During the Meiji period the Japanese government built five prisons on Hokkaido. The inmates of these prisons largely contributed through agricultural and industrial work to the colonization and development of the northern island.
Drawing on historical sources such as prison year books and accounts of eye witnesses, this talk analyses the relation between prisons and settler society during Hokkaido’s colonization process. The research findings evidence how prison labour changed according to changes in local government.
From Flexible Rigidities to Embracing Diversity? Work-related Diversity and its Implications in Japan and Beyond
Are we about to witness fundamental changes to established work practices or just the addition of ‘non-standard’ options to a fundamentally outdated system? – Observers of recent work-related regulations of the Japanese government are divided on whether the country really is on its way to a place where women and other ‘atypical’ employees can shine, or whether the latter are just supposed to stabilize a system that always treated them as second-rate members.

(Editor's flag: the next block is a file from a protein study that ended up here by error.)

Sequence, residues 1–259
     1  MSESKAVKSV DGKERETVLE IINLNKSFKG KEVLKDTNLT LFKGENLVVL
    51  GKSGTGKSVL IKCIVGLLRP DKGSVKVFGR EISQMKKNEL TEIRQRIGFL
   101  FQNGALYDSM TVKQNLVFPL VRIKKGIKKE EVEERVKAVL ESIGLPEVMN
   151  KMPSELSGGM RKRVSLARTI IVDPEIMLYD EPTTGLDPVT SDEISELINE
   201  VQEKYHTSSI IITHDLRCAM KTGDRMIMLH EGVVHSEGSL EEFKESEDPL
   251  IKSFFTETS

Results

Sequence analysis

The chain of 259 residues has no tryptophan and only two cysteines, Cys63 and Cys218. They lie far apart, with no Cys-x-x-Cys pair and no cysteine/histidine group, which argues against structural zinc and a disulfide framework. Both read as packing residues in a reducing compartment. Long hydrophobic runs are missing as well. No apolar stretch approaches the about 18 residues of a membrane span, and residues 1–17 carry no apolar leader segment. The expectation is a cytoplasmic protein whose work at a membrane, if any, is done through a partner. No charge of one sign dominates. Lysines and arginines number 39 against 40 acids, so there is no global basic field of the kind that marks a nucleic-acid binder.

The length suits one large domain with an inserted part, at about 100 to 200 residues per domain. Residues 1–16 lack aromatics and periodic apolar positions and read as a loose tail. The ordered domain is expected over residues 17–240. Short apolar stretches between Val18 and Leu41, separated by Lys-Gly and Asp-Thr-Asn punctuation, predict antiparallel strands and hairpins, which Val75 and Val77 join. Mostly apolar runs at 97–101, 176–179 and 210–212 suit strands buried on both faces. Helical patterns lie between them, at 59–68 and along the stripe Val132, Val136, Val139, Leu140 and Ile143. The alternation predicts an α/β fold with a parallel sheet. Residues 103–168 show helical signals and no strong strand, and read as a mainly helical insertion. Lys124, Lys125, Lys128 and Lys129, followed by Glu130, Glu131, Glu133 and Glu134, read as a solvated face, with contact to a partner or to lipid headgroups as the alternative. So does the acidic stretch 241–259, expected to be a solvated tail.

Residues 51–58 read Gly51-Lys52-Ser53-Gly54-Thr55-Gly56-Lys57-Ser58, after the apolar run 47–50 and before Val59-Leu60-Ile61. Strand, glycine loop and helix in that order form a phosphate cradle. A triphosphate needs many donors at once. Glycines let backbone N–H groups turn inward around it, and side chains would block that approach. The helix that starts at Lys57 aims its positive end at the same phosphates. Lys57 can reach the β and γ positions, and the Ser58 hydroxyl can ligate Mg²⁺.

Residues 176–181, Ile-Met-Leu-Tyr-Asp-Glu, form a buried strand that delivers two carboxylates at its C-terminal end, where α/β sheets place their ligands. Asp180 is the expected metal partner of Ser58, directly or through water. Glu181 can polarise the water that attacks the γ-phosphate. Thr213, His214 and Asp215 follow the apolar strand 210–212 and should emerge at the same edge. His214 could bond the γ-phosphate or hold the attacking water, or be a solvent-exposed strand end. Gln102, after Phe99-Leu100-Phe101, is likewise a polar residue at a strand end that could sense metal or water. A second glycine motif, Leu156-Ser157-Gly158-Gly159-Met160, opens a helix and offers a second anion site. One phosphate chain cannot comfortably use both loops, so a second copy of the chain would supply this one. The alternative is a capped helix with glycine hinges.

In this panel, we bring together a German and a Japanese expert on diversity issues in order to evaluate current political and societal trends towards a more diverse work force and, by extension, a more diverse society. By contrasting insider and outsider perspectives as well as academic and practical views both speakers will provide the audience with new insights on the opportunities and risks growing diversity entails for Japanese companies, employees, politics, and the country at large.